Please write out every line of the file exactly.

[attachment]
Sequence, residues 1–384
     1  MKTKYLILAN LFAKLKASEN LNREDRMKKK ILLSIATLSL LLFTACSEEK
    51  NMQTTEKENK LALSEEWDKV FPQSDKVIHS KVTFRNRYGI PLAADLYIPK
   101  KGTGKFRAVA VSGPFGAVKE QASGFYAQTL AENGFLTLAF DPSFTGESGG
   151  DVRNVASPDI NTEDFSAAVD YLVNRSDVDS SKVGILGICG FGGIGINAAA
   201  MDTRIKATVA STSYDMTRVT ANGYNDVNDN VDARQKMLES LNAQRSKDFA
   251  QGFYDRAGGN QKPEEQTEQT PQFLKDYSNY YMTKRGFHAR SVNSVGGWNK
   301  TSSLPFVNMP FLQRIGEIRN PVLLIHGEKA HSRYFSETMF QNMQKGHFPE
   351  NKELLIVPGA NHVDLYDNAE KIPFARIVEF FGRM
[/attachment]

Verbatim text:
Sequence, residues 1–384
     1  MKTKYLILAN LFAKLKASEN LNREDRMKKK ILLSIATLSL LLFTACSEEK
    51  NMQTTEKENK LALSEEWDKV FPQSDKVIHS KVTFRNRYGI PLAADLYIPK
   101  KGTGKFRAVA VSGPFGAVKE QASGFYAQTL AENGFLTLAF DPSFTGESGG
   151  DVRNVASPDI NTEDFSAAVD YLVNRSDVDS SKVGILGICG FGGIGINAAA
   201  MDTRIKATVA STSYDMTRVT ANGYNDVNDN VDARQKMLES LNAQRSKDFA
   251  QGFYDRAGGN QKPEEQTEQT PQFLKDYSNY YMTKRGFHAR SVNSVGGWNK
   301  TSSLPFVNMP FLQRIGEIRN PVLLIHGEKA HSRYFSETMF QNMQKGHFPE
   351  NKELLIVPGA NHVDLYDNAE KIPFARIVEF FGRM